Current State of U.S. Ethanol

Report
Current State of U.S. Ethanol
Bruce Babcock
Iowa State University
-10
-20
Jan-00
Jul-00
Jan-01
Jul-01
Jan-02
Jul-02
Jan-03
Jul-03
Jan-04
Jul-04
Jan-05
Jul-05
Jan-06
Jul-06
Jan-07
Jul-07
Jan-08
Jul-08
Jan-09
Jul-09
Jan-10
Jul-10
Jan-11
Jul-11
Jan-12
US cents per liter
Returns over operating costs for a corn ethanol plant
60
50
40
30
20
10
0
US Ethanol Production
16,000
Down 1.8% in 2012
14,000
million gallons
12,000
10,000
8,000
6,000
4,000
2,000
0
2000 2001 2002 2003 2004 2005 2006 2007 2008 2009 2010 2011
US Finished Motor Fuel Consumption
145
140
135
Billion Gallons
130
125
120
115
110
105
100
2002
2003
2004
2005
2006
2007
2008
2009
2010
2011
US Gasoline Consumption Has Declined
Substantially More than Fuel Consumption
145
140
Billion Gallons
135
130
125
120
115
110
105
100
2002
2003
2004
2005
2006
Finished Motor Gasoline
2007
2008
Gasoline
2009
2010
2011
Value Offered by Ethanol
• Source of energy to drive autos
– Ethanol has 2/3rds the energy as gasoline
• Source of octane
– Ethanol is a high octane (rating = 110) fuel
• Source of oxygenate
– Allows fuel to burn more completely, thereby
reducing emissions
Willingness to Pay for Ethanol
• Source of energy?
– 70% of the price of gasoline
• Source of octane?
– Toulene costs $4.00 per gallon
– Production of toulene is 4 billion liters versus 50
billion liters of ethanol
Willingness to Pay for Ethanol
• Ethanol is a high octane fuel (octane = 110)
• 90% blend of 84.4 octane gasoline plus 10%
ethanol = “regular” US gasoline (87 octane)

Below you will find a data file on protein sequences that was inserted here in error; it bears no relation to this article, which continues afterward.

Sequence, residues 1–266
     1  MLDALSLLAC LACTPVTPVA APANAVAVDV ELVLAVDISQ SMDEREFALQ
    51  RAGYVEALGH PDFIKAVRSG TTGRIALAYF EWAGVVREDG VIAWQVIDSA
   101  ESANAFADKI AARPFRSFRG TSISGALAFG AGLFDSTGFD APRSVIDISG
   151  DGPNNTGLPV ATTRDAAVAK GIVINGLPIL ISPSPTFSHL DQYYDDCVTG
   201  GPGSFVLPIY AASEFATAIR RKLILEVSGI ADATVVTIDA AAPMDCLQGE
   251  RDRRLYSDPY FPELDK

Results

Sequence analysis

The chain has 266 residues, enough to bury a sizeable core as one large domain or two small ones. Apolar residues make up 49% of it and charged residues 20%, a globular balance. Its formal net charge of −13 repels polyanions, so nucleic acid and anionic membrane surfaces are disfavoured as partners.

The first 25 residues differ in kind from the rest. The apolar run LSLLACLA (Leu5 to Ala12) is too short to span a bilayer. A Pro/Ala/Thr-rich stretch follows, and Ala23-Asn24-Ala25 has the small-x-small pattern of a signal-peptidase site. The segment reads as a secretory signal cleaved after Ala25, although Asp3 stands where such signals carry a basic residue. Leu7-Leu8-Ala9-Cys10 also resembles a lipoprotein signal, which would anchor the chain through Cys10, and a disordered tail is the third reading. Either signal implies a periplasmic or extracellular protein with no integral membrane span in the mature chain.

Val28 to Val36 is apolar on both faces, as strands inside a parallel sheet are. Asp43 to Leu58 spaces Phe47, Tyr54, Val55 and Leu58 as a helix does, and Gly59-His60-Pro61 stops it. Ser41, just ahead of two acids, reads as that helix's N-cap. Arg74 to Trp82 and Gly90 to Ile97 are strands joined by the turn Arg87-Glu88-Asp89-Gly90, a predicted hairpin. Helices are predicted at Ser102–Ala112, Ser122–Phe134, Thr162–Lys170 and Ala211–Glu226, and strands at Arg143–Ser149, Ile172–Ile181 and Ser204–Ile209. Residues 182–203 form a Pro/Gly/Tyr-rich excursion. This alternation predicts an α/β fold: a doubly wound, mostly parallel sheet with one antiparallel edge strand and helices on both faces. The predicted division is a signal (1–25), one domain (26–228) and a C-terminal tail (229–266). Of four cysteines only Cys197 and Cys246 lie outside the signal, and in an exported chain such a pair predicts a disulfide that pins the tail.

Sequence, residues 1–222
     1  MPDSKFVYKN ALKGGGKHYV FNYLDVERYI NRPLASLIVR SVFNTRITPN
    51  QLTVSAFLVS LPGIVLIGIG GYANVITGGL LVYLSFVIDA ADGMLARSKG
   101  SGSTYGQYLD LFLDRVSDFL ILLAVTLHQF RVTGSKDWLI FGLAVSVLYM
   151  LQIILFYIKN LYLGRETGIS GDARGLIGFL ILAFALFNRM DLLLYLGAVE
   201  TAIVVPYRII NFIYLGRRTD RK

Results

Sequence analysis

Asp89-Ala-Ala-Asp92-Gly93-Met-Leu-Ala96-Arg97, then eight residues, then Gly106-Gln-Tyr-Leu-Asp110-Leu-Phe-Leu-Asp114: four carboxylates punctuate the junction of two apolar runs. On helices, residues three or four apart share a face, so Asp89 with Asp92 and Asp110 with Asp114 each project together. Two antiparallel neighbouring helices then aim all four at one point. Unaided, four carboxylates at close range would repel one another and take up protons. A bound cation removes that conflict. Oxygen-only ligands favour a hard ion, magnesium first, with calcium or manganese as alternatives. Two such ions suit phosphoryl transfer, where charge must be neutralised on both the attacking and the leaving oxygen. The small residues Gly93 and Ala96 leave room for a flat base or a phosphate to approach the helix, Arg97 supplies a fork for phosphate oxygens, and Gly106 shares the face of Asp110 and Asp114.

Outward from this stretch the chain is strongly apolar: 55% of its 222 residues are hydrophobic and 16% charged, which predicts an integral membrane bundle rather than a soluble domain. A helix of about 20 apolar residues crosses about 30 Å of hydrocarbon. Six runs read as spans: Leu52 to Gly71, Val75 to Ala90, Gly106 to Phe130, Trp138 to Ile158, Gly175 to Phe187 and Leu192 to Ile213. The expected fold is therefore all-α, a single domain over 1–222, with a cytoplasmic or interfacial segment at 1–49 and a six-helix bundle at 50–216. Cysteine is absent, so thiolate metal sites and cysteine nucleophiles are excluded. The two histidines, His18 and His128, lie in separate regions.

Cap on Corn Ethanol,
Floor on Conventional Biofuels
60
50
billion liters
40
30
20
10
0
2008 2009 2010 2011 2012 2013 2014 2015 2016 2017 2018
Willingness to Pay for Corn by Ethanol Plants
500
450
400
$100 per ton arbitrage profit
$ per ton
350
300
WTP for corn at
ethanol’s energy value
250
200
Price of corn in 2006
150
100
Energy value of ethanol at
today’s crude oil prices
50
0
0
20
40
60
US Cents per liter
80
100
120
Willingness to Pay for Corn by Ethanol Plants
500
450
400
Current US price
for corn
$ per ton
350
300
250
Current US price
for ethanol
200
150
100
50
0
0
20
40
60
US Cents per liter
80
100
120
Impacts of Drought on Corn Supplies
• Expected 2012 Production
– 360 million tons
• USDA August 10th Projections
– 275 million tons of corn (down 24%)
The Problem
• US corn use was 317 million tons in 2011
– 127 million for ethanol
– 117 million for feed
– 40 million for exports
– 36 million for food and seed
• With total supplies of 285 million tons and
2011 use of 317, U.S. is “short” 32 million tons
of corn
6/21/2012
7/21/2012
4/21/2012
5/21/2012
2/21/2012
3/21/2012
1/21/2012
11/21/2011
12/21/2011
9/21/2011
10/21/2011
8/21/2011
6/21/2011
7/21/2011
4/21/2011
5/21/2011
2/21/2011
3/21/2011
1/21/2011
11/21/2010
12/21/2010
9/21/2010
10/21/2010
8/21/2010
7/21/2010
$ per bushel
Price Movement
9.00
8.00
7.00
6.00
5.00
4.00
3.00
Some elasticity arithmetic
• Supply contracted by about 25%
• Price increased by about 50%
• Implied total demand elasticity = -0.5
• But price likely would have fallen in the
summer without a drought
– Price elasticity lower than -0.5 because demand